In arguing to the contrary, defendant relies in part on State v. Steckler, 236 Or.App. 524, 237 P.3d 882 (2010), suggesting that it holds that expenses associated with preventing future crimes are necessarily unrelated to the crimes for which a defendant already has been convicted. But the Steckler holding is not so broad. In that case, a defendant was convicted of robbing two Rite Aid pharmacies. Under federal law, the pharmacies were required to submit forms to the Drug Enforcement Agency (DEA) describing the security measures that the pharmacies were taking to prevent future thefts. One of the pharmacies' managers indicated that Rite Aid planned to install a surveillance system in that pharmacy; based on his conversations with other Rite Aid personnel, the manager " believed that doing so would be the most cost-effective security measure that would satisfy the DEA." Id. at 526. The trial court ordered restitution that included the expense of installing a surveillance system in that pharmacy. Id. at 527. We reversed that aspect of

Page 824

the restitution award. However, we did not do so because security measures taken to prevent future crimes are per se unrecoverable. Indeed, Steckler does not address under what circumstances restitution awards may include expenses related to the implementation of security measures which, necessarily, relate at least in part to the prevention of future crimes. Rather, we reversed because the state had proved only that the DEA required Rite Aid to complete a form stating what safety measures it planned to take; the state did not prove that the DEA had required the pharmacy " to take any particular measures at all," much less install [266 Or.App. 737] a surveillance system. Id. at 529. Accordingly, we rejected the state's argument that the pharmacy would not have purchased the system but for the defendant's crime. Thus, Steckler differs from this case on a critical point--here, the record does include evidence that the victim would not have taken security measures but for defendant's repeated criminal violations of the SPO.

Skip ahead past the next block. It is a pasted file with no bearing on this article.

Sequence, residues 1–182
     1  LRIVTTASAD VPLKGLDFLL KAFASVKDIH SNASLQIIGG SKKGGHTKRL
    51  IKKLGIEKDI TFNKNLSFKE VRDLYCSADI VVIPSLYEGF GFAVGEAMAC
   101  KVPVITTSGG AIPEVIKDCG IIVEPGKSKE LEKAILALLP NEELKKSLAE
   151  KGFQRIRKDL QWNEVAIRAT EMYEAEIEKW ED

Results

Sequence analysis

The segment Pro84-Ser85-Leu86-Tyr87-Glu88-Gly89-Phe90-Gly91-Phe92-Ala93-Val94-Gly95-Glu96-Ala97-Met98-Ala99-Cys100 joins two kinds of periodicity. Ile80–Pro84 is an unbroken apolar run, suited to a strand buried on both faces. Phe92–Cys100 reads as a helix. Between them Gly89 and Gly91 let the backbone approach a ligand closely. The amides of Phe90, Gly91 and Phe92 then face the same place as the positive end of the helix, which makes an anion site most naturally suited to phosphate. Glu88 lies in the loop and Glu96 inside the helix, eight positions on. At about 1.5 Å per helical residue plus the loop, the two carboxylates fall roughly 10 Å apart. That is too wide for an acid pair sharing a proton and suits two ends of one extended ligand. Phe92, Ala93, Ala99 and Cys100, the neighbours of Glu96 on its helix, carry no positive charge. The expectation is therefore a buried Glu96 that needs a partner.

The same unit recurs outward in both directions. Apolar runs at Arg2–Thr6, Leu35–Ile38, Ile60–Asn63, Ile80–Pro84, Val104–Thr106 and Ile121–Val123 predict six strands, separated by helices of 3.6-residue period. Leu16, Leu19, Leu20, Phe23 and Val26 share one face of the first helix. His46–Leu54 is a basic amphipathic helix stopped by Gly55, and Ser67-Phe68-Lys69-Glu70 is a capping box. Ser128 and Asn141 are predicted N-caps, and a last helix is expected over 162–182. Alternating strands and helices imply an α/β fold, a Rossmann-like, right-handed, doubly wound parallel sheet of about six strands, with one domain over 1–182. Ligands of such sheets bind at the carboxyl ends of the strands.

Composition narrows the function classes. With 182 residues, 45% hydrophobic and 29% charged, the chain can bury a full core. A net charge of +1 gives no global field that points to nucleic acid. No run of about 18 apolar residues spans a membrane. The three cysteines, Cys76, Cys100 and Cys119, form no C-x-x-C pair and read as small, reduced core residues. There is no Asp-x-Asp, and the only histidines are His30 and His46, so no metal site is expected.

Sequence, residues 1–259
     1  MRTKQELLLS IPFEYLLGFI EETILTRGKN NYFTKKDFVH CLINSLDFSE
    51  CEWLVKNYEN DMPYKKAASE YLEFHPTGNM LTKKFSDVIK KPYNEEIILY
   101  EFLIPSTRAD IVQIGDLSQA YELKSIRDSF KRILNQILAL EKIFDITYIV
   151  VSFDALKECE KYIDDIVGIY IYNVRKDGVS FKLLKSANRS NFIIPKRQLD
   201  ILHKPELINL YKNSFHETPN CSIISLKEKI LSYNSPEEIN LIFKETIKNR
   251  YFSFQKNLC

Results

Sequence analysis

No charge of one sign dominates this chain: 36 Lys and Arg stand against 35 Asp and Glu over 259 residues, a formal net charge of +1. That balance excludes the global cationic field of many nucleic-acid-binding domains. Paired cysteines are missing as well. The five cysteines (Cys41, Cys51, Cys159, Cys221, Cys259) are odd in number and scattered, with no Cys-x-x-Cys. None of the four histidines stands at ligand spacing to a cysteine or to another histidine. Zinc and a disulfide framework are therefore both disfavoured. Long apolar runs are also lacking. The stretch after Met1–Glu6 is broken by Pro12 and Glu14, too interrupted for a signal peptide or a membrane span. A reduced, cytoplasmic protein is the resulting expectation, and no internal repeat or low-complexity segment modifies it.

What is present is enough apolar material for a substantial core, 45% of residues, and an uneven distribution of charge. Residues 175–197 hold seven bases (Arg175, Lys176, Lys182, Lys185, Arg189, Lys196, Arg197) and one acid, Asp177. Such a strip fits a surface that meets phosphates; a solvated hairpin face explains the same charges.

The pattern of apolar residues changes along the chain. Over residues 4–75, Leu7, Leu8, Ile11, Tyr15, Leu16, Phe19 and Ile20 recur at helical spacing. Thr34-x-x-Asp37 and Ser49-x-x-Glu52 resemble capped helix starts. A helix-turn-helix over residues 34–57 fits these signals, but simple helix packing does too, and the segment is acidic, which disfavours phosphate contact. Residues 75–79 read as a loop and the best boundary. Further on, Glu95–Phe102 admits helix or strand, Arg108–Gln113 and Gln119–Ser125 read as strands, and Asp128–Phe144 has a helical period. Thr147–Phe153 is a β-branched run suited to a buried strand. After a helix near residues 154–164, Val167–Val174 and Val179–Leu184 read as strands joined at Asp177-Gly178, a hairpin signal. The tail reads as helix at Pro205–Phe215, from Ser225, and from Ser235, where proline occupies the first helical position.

Defendant also contends that the cost to obtain a police report from a different city " did not result from the acts at issue" and therefore " was not causally connected to permit restitution for that expense." We disagree. The victim sought treatment for panic attacks brought on by defendant's criminal activities. The victim's counselor recommended, as part of treatment for those panic attacks, that " it might be a good idea" to collect a police report about defendant's conduct in another city. The testimony about the counselor's recommendation may not be weighty, but it is " some evidence" from which the trial court could have found that the expense resulted from defendant's criminal activities, and that is sufficient for purposes of our review. Cf. Jordan, 249 Or.App. at 100 (affirming restitution award on the basis that " some evidence" in the record showed the necessity of naturopathic treatments and organic foods to treat a brain injury the victim suffered as a result of the defendant's criminal activity).

To summarize, because evidence in the record supports the trial court's determination that the victim's economic damages resulted from defendant's criminal activities, we conclude that the trial court did not err in imposing restitution in this case.

Affirmed.


Buy This Entire Record For $7.95

Official citation and/or docket number and footnotes (if any) for this case available with purchase.

Learn more about what you receive with purchase of this case.